Free and Easy
Tom Behr cracks the code for musical success (raw emotion + intelligent design) and starts up a band for all decades
September, 1968: The He-Too’s add two horn players, change band names and become Free and Easy. The lineup is: Tom Behr on guitar and vocals; Tom Mulkern on guitar and vocals; Toni Tuccitto on bass guitar and vocals; Bob Behr on drums and vocals; Dave Vigeron on trumpet and Rich Mueller on trumpet. With the recent addition of the two horn players, the band adds a number of horn songs to their set list, including covers by Blood, Sweat and Tears, Buddy Miles and Chicago. The band has a new stage look, now wearing matching Edwardian style suits. The band travels to Chicago to play two sets at The Garage in downtown Chicago and are asked to stay in Chicago and play for a week at the club.
1969: The band leaves David Anthony Productions and sign on with Ralph Ortiz at Alpha Productions. The main reason for the move to Alpha is the band is tired of all the traveling involved with playing the five state area and Alpha can book the band on a steady basis in the local clubs. Free and Easy play at the Home Bar in Minneapolis and also play numerous high school and college dances.
September, 1970: Free and Easy are recorded live at The Depot for the Alpha Productions promotional album called “Gathering at The Depot.” The band contributes two songs to the album: “It’s For You” (a Beatles song recorded by Three Dog Night) and “Wake Up Sunshine” (Chicago).
October, 1970: The band goes into the studio (Sound 80) to do vocal overdubs for the songs on the “Gathering at the Depot” album.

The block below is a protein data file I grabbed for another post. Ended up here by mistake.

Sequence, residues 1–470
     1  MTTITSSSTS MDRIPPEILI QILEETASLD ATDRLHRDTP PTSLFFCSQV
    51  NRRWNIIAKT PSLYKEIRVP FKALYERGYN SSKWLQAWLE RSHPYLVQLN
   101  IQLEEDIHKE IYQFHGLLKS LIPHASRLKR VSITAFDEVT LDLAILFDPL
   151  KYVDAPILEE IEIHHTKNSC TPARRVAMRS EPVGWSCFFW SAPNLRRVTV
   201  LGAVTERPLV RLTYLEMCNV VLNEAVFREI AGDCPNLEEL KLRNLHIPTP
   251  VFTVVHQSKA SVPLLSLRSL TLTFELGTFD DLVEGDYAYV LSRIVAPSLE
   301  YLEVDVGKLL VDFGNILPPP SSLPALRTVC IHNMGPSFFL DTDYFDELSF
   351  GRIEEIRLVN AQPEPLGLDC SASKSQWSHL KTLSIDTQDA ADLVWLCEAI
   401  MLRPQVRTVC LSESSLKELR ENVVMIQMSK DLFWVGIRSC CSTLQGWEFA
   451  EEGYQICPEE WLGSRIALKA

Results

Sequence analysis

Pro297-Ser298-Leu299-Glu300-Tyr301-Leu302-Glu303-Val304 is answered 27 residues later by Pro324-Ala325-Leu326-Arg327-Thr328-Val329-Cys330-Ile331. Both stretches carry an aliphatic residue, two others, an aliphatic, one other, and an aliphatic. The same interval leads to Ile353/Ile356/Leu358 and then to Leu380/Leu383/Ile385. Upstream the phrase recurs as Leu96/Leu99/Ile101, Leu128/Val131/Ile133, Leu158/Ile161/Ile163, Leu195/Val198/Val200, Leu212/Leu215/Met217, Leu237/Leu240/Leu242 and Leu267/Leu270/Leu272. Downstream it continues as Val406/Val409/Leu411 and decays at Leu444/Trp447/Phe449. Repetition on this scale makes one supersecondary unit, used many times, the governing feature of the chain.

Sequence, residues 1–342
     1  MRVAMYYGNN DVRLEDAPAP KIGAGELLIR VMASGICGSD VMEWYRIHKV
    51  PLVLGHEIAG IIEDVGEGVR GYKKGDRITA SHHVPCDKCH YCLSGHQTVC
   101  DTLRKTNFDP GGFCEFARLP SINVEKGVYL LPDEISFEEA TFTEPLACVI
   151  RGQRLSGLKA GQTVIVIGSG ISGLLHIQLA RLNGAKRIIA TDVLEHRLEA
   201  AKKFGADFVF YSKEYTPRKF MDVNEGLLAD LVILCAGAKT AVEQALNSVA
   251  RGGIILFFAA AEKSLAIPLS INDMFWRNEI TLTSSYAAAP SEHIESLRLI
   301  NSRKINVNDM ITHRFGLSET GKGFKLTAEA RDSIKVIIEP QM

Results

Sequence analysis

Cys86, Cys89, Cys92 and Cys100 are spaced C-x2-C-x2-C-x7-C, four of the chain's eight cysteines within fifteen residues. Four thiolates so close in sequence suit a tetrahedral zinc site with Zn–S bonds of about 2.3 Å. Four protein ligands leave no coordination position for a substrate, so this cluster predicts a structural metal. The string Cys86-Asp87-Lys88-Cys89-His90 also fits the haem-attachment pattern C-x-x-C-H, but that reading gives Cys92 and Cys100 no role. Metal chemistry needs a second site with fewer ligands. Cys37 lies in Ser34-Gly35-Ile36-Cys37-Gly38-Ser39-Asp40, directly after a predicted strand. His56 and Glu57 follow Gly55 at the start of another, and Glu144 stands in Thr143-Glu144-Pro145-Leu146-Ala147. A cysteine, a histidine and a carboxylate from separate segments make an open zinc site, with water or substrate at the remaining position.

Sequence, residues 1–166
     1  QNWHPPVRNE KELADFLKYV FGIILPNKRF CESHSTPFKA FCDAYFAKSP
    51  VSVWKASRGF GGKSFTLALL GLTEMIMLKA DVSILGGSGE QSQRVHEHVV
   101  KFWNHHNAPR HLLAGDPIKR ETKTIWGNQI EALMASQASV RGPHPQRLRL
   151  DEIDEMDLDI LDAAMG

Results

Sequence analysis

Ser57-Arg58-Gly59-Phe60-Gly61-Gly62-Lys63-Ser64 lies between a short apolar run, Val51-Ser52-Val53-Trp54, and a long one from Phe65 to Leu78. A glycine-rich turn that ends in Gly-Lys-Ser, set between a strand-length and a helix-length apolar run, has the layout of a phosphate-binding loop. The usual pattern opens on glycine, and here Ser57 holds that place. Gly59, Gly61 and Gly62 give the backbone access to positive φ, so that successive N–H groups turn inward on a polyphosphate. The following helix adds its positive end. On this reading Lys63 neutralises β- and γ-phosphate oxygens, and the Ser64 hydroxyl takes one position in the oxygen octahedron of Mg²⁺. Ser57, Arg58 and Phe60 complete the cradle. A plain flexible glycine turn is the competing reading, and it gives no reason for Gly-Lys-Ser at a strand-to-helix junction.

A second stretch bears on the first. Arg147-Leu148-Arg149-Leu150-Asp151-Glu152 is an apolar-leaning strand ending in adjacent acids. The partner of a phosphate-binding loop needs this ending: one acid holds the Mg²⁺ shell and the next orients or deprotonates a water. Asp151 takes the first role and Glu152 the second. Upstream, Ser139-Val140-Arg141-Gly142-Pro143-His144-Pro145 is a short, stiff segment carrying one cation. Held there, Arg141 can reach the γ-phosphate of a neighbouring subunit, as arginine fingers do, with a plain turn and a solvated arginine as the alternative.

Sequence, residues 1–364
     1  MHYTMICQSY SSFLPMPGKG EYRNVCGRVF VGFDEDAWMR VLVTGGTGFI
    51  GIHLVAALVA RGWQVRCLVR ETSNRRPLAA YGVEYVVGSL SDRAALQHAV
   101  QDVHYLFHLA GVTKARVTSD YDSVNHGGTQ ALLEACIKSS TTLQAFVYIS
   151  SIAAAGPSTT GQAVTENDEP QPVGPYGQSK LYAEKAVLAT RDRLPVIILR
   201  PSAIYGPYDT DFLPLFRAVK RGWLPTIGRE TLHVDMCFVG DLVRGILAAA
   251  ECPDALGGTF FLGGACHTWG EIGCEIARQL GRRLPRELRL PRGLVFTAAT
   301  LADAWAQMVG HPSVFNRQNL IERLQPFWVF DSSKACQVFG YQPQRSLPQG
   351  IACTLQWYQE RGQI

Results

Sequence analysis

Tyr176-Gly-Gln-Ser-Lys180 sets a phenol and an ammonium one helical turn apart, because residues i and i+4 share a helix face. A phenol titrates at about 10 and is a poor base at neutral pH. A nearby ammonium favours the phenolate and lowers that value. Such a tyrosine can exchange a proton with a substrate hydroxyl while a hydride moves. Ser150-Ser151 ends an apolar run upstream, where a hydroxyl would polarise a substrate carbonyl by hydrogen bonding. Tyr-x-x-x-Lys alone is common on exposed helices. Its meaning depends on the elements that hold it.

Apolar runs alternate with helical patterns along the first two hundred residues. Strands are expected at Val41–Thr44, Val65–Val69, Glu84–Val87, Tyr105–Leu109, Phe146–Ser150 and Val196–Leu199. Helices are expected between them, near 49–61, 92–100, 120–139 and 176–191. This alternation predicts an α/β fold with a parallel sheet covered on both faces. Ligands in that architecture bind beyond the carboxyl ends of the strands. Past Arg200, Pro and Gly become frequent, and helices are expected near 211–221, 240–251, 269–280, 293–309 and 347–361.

Late 1970: The album “Gathering at The Depot” is released at the end of the year.
Early 1971: The band decides to break up.
September, 1971: Tom Behr goes to work as a booking agent for Alpha Productions. Ralph assigns Tom the task of putting Alpha Productions bands into the Twin Cities nightclubs. The club owners didn’t want anything to do with original music or loud heavy metal music at this time period. The club owners all pointed to the XL-5 as the “perfect” club group (top 40/danceable music, well groomed and great vocals). Tom Behr goes out to see the XL-5, notebook in hand, to see why this band is so popular and takes notes. After seeing the XL-5 play live, Tom decides to “raise the bar” with Free and Easy by adding three-part vocal harmonies; adding orchestrated musical parts to songs (“solis”); and doing more complex arrangements to songs. In addition, the band puts together a number of musical medleys that feature songs from various bands. The band begins to practice three or four days a week to get their sound down tight.
October, 1971: Tom Behr decides to put a new lineup together with members that he personally hand picks. The new version of the group is: Dave Rodriguez on lead guitar and vocals; Tom Behr on guitar, keyboards, alto sax and lead vocals; Dave “Petey” Peterson on bass guitar and lead vocals; Ron Lundquist on drums; Dave Vigoren on trumpet and mellophone; and Terry Stadanski on lead trumpet.